This almost reads like an obituary. Forgive that.

A Fond Farewell to Ratio 3 for KQED

Animals in repose are disturbed by passages of mottled hues that refuse to settle into familiar, nameable shades.

Daisy May Sheff’s Hid it Well in the Walnut Shell for Artforum

at once innocuous and chilling, the viewer learns that an image can be split from its cultural position. A symbol’s authenticity can be interrupted, shaken loose by new association.

Christy Chan: Who’s Coming to Save You, an Exhibition Text for Chan’s solo show at the Utah Museum of Contemporary Art

the distorted film stock undulates through colors and levels of opacity, sometimes so damaged by time that the picture is nothing more than varying densities of light

Talking Back: Zineb Sedira’s Voice-Over for Art Papers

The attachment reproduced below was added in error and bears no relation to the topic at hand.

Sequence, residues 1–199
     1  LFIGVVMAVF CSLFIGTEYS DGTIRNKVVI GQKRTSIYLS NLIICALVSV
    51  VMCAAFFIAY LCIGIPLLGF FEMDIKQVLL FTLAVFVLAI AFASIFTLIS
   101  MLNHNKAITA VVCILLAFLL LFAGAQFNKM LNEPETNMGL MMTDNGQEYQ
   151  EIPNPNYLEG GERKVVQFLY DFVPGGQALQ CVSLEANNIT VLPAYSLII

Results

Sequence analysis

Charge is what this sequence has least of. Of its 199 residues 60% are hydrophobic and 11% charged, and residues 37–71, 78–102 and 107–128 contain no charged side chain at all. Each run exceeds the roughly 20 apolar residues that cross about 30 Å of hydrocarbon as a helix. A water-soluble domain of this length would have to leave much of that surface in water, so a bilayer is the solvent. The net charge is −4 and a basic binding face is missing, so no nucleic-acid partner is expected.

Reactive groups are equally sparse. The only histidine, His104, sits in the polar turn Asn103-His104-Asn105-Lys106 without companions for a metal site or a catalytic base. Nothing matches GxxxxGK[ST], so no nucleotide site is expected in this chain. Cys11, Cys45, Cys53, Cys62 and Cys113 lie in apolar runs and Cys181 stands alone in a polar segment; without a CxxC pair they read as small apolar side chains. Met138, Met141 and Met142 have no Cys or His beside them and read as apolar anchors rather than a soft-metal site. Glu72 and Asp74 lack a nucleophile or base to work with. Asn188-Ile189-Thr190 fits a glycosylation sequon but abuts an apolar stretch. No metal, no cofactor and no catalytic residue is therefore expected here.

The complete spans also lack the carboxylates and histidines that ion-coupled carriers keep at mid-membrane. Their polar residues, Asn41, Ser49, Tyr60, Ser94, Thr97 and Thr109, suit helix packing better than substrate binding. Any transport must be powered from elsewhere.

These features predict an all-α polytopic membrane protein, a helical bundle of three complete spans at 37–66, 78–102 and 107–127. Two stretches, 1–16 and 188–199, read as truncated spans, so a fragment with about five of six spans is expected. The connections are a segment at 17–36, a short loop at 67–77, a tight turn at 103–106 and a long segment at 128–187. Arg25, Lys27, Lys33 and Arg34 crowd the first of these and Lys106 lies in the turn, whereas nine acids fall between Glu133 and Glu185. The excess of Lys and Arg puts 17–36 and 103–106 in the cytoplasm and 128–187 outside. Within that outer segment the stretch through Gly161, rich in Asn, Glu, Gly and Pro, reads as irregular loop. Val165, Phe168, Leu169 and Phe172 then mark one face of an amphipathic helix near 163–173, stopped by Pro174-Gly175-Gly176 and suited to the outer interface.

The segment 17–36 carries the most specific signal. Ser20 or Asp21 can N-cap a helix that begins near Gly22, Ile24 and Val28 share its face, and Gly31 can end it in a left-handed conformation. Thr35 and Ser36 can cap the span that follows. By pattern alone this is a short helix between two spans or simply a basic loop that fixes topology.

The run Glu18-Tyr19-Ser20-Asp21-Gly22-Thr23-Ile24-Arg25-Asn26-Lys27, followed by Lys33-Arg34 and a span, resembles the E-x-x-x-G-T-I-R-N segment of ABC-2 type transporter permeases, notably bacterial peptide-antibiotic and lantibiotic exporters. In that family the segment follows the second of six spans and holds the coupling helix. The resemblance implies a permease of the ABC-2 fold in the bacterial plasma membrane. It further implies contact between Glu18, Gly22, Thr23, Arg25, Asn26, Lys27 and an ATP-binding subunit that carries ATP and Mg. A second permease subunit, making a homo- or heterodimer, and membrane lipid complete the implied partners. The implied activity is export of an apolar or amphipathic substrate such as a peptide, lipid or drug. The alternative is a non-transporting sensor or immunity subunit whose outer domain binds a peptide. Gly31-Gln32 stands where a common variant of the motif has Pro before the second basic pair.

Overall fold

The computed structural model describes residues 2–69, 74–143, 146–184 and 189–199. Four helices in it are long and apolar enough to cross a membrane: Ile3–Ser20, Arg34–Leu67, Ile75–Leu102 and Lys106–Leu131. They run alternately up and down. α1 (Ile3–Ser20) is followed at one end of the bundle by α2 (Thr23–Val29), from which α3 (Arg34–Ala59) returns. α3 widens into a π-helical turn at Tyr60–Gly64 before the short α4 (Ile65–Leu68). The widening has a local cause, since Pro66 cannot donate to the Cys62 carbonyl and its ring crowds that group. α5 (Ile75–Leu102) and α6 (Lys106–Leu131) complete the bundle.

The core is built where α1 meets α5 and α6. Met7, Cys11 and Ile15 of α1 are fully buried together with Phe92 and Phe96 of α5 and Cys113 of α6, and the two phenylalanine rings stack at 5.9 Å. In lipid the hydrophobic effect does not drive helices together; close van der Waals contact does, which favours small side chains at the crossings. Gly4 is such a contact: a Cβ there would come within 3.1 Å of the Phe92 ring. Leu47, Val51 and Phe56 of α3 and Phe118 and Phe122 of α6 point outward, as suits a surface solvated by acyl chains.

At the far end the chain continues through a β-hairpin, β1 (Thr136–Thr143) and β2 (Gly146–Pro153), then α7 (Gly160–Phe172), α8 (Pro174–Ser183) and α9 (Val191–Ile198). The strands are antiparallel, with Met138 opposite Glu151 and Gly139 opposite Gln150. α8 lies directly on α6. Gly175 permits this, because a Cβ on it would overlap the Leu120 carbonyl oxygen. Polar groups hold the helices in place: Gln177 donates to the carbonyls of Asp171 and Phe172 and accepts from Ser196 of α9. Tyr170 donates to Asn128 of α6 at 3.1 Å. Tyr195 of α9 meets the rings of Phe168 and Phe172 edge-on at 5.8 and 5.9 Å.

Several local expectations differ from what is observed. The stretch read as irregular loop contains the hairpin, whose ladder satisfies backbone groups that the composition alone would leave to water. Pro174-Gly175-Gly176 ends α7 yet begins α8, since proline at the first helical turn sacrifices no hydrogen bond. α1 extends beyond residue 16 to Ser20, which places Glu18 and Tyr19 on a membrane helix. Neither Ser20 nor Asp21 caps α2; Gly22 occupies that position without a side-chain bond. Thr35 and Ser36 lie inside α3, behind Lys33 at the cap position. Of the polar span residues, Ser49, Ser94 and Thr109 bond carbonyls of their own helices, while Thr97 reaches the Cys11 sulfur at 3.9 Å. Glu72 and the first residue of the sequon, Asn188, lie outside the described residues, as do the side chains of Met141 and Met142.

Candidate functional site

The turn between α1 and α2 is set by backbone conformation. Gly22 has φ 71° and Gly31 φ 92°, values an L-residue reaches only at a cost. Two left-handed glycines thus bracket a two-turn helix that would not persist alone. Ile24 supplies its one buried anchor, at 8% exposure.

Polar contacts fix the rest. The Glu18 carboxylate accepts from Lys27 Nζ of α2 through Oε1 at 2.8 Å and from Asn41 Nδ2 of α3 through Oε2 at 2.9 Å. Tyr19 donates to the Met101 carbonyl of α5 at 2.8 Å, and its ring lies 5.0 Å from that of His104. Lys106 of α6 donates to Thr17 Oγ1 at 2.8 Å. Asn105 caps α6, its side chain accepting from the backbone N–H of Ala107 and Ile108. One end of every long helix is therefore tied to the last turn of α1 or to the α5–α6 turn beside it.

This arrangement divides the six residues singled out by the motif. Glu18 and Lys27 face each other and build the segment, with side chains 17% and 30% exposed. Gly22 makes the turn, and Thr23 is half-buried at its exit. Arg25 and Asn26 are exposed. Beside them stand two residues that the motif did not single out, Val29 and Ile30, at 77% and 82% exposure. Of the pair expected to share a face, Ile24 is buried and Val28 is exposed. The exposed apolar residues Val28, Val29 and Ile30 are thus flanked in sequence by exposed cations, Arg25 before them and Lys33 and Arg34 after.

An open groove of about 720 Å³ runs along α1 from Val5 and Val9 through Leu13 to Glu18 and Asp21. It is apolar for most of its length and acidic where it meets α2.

Breast milk in a sardine can, breast milk colored by a saturated tea bag, breast milk next to a crumpled paper napkin

All the Strings that Bind: Patty Chang at Friends Indeed and Cushion Works, for Variable West

Solar Cry, is heard by feeling, like a hand gently resting on someone’s throat that understands meaning not by language but by way of a trembling in the neck.

Lydia Ourahmane’s صرخة شمسية Solar Cry, for Art Papers

Finger paintings swirl in an aura of anti-staleness. The hand movements of toddlers, fossilized in pigment, graph their own vocabulary

In Rhoda Kellogg’s World Every Child is an Artist, for KQED arts

Not unlike the aesthetic and linguistic immediacy of a graphic T-shirt gone rogue

Gene Berry’s New Mythic Visualizations at Cushionworks, for Artforum

With tenderness and a phenomenologist’s sensitivity, Cogan portrays gently sloped streets and frequented neighborhood stores

Kim Cogan’s Evergreen at Hashimoto Contemporary, for Artforum

While both artists' work suggests intensive studies of the natural, there is also a brutality to the way each prunes away unwanted wildness

Tadaaki Kuwayama and Rakuko Naito at Adrian Rosenfeld, for Artforum

“Cooler-than-you” girl talk and a recollection shaped by the kinds of excisions trauma imposes.

Lydia Ourahmane’s low relief, for Artforum